FRESNO, Ohio — Just a few years ago, if you mentioned composting toilets, people would go, “A what toilet…?!?” You either quickly changed the subject, or went into an ever-lasting explanation about what it is, how it works and especially why on earth anybody would want to have a toilet that doesn’t flush. “Things are changing,” says Peter Andersson, President of BioLet USA. These days, waterless toilets – and toilets that use less water – have become very common; in some areas they are even considered a necessity. Waterless urinals can be found at many airports or sport arenas, and people are gradually becoming more educated about wise water usage.

Another sign that “green toilets” are about to go mainstream is that BioLet, the world’s leading manufacturer of waterless toilet systems, now has its products sold nationally by The Home Depot and ACE Hardware, two of the world’s largest home improvement retailers. All of the stores carry information about BioLet products and customers can order their very own zero-flush toilet directly at the store.

In many industrialized countries, waterless toilets have been sold for over 30 years and they have become an approved method of toilet waste disposal. In some areas, these systems have even become the preferred way of treating sewage. In Sweden, commonly referred to as the origin of the modern composting toilet industry, over 100,000 systems have been installed countrywide and BioLet’s advanced technology has made these waterless toilets the easy and green way to go.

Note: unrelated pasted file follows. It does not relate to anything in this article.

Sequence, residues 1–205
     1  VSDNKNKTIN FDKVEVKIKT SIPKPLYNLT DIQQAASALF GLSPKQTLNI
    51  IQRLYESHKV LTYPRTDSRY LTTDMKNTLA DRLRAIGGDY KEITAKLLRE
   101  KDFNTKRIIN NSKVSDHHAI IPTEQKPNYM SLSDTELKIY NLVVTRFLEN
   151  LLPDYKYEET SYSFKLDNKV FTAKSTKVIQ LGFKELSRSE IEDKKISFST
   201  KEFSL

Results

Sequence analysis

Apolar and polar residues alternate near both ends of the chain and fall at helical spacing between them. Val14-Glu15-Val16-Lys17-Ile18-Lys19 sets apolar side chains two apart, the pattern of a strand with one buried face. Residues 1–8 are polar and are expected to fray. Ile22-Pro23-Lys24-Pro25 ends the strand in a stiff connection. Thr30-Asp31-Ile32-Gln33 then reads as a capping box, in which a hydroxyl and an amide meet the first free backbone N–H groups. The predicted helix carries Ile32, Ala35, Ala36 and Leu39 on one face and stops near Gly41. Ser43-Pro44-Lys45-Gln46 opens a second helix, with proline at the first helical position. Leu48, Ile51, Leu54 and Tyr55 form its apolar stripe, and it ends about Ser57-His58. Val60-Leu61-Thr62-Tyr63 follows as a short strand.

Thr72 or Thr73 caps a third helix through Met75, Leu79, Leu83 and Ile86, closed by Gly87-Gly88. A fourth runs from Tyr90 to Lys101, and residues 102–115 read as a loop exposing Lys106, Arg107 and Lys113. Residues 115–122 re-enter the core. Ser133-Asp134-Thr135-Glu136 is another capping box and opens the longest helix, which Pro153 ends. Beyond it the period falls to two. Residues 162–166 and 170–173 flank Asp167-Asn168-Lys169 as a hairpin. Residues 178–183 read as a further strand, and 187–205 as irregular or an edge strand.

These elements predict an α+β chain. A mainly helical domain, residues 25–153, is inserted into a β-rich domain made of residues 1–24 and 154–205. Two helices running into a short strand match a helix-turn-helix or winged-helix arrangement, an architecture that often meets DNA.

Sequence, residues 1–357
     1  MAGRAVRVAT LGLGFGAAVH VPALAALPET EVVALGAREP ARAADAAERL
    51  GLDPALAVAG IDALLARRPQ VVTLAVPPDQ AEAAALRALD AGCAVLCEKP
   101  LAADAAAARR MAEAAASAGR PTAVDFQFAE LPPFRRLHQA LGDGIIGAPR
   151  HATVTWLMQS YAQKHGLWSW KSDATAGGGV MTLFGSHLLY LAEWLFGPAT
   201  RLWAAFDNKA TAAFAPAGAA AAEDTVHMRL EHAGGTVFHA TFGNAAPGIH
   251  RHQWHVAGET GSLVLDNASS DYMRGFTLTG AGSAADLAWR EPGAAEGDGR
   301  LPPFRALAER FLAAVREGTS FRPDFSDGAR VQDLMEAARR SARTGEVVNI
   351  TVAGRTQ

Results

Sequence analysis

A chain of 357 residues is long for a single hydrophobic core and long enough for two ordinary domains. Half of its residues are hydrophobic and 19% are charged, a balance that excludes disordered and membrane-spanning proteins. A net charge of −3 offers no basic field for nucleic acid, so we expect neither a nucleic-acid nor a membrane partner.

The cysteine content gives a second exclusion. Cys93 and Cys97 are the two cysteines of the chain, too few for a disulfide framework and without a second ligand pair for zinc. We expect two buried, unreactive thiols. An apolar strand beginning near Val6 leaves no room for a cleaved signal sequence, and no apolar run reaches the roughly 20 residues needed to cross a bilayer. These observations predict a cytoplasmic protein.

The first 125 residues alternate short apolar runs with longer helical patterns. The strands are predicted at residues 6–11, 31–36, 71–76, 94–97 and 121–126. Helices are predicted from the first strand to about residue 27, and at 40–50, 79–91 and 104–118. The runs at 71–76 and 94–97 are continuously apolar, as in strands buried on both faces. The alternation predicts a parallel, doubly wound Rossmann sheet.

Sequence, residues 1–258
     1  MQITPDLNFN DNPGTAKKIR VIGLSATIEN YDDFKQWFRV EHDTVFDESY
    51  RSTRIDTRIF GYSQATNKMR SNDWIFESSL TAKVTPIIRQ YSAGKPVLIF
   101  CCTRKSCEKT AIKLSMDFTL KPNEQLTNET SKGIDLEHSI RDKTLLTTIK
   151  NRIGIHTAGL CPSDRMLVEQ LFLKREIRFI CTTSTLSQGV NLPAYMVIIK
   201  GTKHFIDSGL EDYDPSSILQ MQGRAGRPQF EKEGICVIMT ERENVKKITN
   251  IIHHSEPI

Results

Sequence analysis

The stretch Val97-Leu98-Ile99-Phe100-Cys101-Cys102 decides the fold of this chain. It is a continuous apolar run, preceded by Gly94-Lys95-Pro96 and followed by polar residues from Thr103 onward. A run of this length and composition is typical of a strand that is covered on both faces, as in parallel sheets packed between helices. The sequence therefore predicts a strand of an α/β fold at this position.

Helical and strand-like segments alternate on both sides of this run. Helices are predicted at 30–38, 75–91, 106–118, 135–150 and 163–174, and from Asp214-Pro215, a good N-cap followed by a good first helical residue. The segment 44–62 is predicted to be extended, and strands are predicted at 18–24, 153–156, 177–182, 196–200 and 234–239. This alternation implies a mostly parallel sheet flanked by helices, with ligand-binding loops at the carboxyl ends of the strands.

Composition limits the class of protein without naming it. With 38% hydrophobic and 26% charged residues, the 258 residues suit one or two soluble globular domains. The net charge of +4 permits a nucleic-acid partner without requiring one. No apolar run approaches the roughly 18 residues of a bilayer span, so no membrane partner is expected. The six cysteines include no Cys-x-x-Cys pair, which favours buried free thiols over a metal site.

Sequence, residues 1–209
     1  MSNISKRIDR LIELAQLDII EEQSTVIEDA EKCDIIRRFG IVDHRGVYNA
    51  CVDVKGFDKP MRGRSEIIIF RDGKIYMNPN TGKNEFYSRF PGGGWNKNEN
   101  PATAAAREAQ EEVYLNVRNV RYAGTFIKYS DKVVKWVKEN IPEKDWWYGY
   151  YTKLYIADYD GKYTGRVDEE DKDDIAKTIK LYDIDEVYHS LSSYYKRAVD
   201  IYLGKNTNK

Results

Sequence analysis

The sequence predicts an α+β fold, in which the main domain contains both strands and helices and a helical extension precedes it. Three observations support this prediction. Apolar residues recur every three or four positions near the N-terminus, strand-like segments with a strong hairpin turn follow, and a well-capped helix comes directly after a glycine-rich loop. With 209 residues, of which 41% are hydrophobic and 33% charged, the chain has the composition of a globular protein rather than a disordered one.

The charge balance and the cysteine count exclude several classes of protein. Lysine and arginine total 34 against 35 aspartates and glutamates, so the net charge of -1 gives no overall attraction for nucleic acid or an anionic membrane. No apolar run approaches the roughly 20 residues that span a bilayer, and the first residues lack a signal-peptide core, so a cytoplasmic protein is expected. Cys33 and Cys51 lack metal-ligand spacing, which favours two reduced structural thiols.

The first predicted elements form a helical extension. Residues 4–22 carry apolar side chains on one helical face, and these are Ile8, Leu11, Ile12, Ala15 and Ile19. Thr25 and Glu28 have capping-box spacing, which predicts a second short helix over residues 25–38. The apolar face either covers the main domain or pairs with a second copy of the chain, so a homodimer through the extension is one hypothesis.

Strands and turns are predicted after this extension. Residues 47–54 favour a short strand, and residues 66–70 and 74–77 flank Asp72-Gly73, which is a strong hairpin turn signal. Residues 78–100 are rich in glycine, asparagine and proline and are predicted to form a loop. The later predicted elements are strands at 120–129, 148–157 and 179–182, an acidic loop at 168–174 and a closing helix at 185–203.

The principle is very simple. Just as Mother Nature intended for waste to be recycled into nutrients for the next generation, a BioLet toilet transforms human waste into a dry, odorless material that can easily be disposed of, or even recycled back to Nature. The toilet consists of various control mechanisms that guarantee an odor free operation and let’s the proud owner of a BioLet appreciate the benefits of having a fully functional toilet while doing his or her part to protect their nation’s precious water resources.

In addition to providing an excellent choice for saving water, the Swedish made BioLet can also save a lot of hard earned cash. When installing a regular flush toilet, water and sewer lines need to be connected to a toilet and linked to a septic or sewer system. A contractor has to dig up the yard and it usually takes days or weeks until a new toilet is installed. Whereas a BioLet can be self-installed in less than two hours, for considerably less money.

“Why wait?,” says Andersson, “Go Green today!”

For more information, log onto, call 1-800-5Biolet or visit your local Home Depot or ACE store.

Valerie G, editor at CANW
Valerie G has been an editor with California Newswire for several years, is a gifted theremin player, can quote copious lines from 'Red Dwarf' and also knows where her towel is. Oddly, she does not drive, nor does she take the bus. She identifies as both human and democrat.